Halfway House (1935) is the most class-conscious Ellery Queen novel so far. The early books were brilliant fair play detective stories, but their backwards rooms, crucifixions, nude men, Siamese twins, and bearded ladies were hardly realistic depictions of American society.

    Here, Queen the writer tackles the class system “in the fifth year of the depression”. And Queen the sleuth devotes as much time to awakening class consciousness and compassion in the ingénue as he does to solving the murder.

    To make her speak, Ellery takes Andrea out of her sheltered upper class world, and shows her how the other half live.

    He takes her to a settlement house on Henry Street, the city lodging house, and Clifford Odets’ Waiting for Lefty; gives her William Faulkner’s Pylon to read; and jestingly suggests they visit the Rand School of Social Science, founded by the Socialist Party of America in 1906.

    And then he takes her to the jail where Lucy Wilson has been imprisoned.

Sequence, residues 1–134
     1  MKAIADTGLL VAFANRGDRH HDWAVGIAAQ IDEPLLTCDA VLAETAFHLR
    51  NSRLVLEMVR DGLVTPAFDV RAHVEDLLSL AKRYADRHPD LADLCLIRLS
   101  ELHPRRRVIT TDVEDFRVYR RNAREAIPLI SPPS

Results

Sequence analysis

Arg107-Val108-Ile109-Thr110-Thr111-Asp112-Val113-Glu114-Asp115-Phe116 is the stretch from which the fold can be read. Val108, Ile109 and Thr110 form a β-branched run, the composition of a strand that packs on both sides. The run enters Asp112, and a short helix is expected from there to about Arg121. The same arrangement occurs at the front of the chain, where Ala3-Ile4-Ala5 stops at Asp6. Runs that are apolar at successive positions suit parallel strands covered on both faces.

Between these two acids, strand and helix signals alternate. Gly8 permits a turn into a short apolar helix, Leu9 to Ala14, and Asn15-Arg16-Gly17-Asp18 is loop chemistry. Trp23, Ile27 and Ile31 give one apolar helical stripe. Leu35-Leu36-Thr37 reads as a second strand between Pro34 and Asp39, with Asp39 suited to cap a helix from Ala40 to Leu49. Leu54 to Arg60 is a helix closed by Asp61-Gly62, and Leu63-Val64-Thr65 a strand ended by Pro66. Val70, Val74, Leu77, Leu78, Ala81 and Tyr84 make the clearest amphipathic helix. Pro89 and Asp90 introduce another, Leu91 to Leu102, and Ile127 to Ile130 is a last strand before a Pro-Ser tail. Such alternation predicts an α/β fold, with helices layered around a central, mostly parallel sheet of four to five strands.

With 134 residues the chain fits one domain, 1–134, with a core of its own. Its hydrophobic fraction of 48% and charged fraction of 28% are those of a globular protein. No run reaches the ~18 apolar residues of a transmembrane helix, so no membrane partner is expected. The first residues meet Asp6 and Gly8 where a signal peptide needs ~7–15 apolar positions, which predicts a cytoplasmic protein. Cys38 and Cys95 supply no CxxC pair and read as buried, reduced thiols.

This is a remarkable scene. Queen shows Lucy’s numb anguish; the shocked compassion of Andrea, realising for the first time just how harsh life can be; and the callousness of the Amazonian warder. The closest Queen had come to this grim, naturalistic depiction of misery was in The Tragedy of Y. That novel was too overblown to convince; the York family, that clan of syphilitics in thrall to a hellish matriarch, owed more to S.S. Van Dine and the Julio-Claudians than contemporary American life. Here Queen depicts an average American woman in a realistic but unusual situation, and the result is powerful.

    “It is not Lucy Wilson who is on trial for her life, it is Society,” writes energetic woman reporter Ella Amity.

    “Society, which makes it possible for a man of wealth and position to marry a poor girl of the lower classes in another city under a false name, take ten of the most precious years of her life, and then—when it is too late—decide to tell the truth and confess his hideous sin to her. Society, which makes it possible for such a man to commit bigamy, to have a poor wife in Philadelphia and a rich one in New York, to spend his time calmly between the two wives and the two cities like a commuter.